Award-winning director Ava DuVernay is turning her powerful productions into a resource for classrooms and independent study. On Thursday, she is launching a new initiative called ARRAY 101.
It will offer free learning guides for students to accompany TV and film productions. The first one is for her mini-series,a four-part drama about the five black boys wrongfully convicted of a Central Park rape in 1989.
She said the emotional response to the series led her team to develop ARRAY 101.
"So many people came up to me and said, 'I cried. I couldn't finish it.' You know, they felt very deeply about it. But I think what I failed to do and what many of us in Hollywood failed to do is connect the dots between the thing you make and the people who are watching, particularly young people," DuVernay told "CBS This Morning" co-host Gayle King.
To bridge that intersection between film and social justice, DuVernay's production company, ARRAY, partnered with Participant Media to create what she calls a "learning companion" for "When They See Us."
DuVernay told King she hopes the resources will empower youth and inspire action.
Read more of their conversation below.
DuVernay: What I found is to have people sign a petition, or everyone go to this protest, everyone may not be interested in taking action in that way. There's a whole array, no pun intended, of options that we, you know, suggest, and really invite people to go further.
King: And now, Ava, we have another story from Central Park where. Where do we begin to process, Ava, when calls for help — and I'm using help in finger quotes — in this particular case are really being used as weapons against people of color?
DuVernay: We have to look to history. We're not the first to be in this situation. ... And I think the idea that we are helpless is just an idea that I don't accept. I think we can continue to be learning how to combat these things. … In this social media age, we react to it. We're upset about it for a day. We tweet. We post. And then we kind of move on. And that organizing principle, that deeply ingrained mission to change, is what I hope we can get to.
The viral video in question shows a white woman in a racially charged confrontation with a black man in Central Park. He was birdwatching at the time, when she called police and made a false accusation against him, specifically mentioning his race.
DuVernay: The minute I saw it I knew what was going to happen before it even happened.
King: What do you mean?
DuVernay: Well, she says, "I'm going to say an African American man is doing this." You, as a student of history, have context for exactly what's going to happen next. ... You know when the police come, they will historically, and there's, you know, overwhelming precedent that they will believe her on sight, and not him, … his background will be interrogated and investigated. … This case, he was a Harvard graduate who's president of the bird watching club, you know what I mean, and a prominent figure. But he shouldn't have had to be that for him to have the benefit of the doubt.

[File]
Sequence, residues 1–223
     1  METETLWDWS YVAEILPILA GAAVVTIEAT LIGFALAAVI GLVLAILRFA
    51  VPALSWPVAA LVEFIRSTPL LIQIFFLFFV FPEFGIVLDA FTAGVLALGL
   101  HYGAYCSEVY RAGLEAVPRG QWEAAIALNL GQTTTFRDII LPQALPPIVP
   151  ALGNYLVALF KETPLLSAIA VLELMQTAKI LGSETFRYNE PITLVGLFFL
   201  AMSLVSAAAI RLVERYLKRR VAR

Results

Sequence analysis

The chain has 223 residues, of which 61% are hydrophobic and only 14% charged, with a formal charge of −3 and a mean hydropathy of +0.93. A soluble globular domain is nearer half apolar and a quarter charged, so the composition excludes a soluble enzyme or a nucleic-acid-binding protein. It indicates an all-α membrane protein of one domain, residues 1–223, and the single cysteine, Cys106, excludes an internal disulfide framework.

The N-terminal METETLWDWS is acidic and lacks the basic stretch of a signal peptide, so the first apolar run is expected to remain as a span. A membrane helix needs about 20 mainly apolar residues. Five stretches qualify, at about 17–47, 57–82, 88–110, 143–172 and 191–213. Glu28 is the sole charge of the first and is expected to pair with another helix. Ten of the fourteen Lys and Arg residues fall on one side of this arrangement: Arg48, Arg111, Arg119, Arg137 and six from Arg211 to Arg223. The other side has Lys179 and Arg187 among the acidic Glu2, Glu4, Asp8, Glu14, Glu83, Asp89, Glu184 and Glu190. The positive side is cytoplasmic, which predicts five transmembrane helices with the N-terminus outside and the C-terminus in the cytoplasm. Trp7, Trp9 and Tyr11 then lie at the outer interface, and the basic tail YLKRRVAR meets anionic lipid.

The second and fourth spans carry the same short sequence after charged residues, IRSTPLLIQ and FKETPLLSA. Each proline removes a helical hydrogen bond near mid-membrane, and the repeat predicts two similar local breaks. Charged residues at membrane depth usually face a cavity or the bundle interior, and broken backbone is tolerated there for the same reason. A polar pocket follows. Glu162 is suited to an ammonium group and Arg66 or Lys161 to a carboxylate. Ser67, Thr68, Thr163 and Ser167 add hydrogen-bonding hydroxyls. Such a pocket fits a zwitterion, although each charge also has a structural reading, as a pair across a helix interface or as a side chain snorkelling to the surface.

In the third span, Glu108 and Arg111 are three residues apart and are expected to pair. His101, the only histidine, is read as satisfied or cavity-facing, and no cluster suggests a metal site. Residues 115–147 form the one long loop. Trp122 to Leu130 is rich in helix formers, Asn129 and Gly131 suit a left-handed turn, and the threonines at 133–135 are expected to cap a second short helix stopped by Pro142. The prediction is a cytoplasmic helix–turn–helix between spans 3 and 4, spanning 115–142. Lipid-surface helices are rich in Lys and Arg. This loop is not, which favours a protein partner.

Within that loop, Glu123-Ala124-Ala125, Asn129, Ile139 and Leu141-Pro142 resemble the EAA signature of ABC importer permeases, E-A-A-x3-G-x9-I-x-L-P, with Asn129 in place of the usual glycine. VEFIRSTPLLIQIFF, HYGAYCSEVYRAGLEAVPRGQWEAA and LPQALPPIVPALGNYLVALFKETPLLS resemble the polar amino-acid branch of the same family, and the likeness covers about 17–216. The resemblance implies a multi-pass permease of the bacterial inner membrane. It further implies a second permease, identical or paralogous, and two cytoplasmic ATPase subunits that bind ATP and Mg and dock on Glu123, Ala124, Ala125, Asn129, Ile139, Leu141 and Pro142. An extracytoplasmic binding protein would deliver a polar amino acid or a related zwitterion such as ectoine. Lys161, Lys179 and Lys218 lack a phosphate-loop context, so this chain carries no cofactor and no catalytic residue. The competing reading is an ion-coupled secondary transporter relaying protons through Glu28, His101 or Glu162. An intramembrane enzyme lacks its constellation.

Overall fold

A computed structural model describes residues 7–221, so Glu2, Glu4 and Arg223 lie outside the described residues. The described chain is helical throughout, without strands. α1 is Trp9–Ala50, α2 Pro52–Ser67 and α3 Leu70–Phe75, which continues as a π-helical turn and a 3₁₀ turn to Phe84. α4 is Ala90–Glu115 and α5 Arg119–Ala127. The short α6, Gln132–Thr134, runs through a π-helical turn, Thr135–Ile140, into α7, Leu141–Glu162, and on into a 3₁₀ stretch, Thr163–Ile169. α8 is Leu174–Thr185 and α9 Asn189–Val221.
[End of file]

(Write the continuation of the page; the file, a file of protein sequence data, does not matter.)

King: So what action can white people who see themselves as allies, what can they do?
DuVernay: You know, I really feel strongly that that's not a question that people who are not white should answer. You know, we take on the emotional labor of racism. And it is not our job to explain to white folk how to fix their broken selves in this context, right? Because there's a brokenness there that says that I am better, that I can — I will be believed. Right? That's what this woman grew up with, the privilege of being believed, the privilege of the presumption of innocence. ... There are many educated Caucasian folk who are talking to each other about it. They need to continue to do that, so that we can save our energy for survival and thriving.
King: I did have a conversation with [my son] Will, who had on this black mask. You know, we're all supposed to wear a mask. I said, "Will, you shouldn't walk around with a black mask. Where is your orange bandana?" … And he goes, "Why should it matter the color of the bandana that I'm wearing?" ... I think it does matter.
DuVernay: I saw my brother Nicholas the other day. … He was jogging — going to be jogging in this neighborhood. He had a black mask and a black hoodie. And I'm, like, "What are you doing? … You know where we live. You know what that means."
King: You know, the New York Times had a very powerful front page the other day, where they listed 1,000 names. … What is the impact that coronavirus has had on the film industry? And maybe even on you personally?
DuVernay: Yes. Well, you know, I've lost a crew member on the project that I was just working on, … no one was there when he passed away. And so, the grappling with the not being there, I think, is the toughest part with the folks that I have lost. Because so many of us are such a be there kind of person. You know?
King: But you are one of those be there kind of people.
DuVernay: Yeah. So to not be able to do that. ... You feel so unmoored, so unanchored, that your grief just sits right on top and there's nowhere for it to go.
King: What's your game plan moving forward for your business, Ava?
DuVernay: Yeah. You know, it's a black woman-owned business. I say it's not a mom and pop. It's just a mom. And —
King: Hello mom.
DuVernay: Yup. That's me. … We're working hard programming virtually, learning new ways to program.
King: I know we're all trying to figure out ways to adapt. … You're doing something different for "When They See Us" coming up.
DuVernay: Yes. … We're going to go ahead and watch the first episode of "When They See Us" together on the one year anniversary, which is this Sunday, May 31.
King: I can't think of a better way to watch it than with you.
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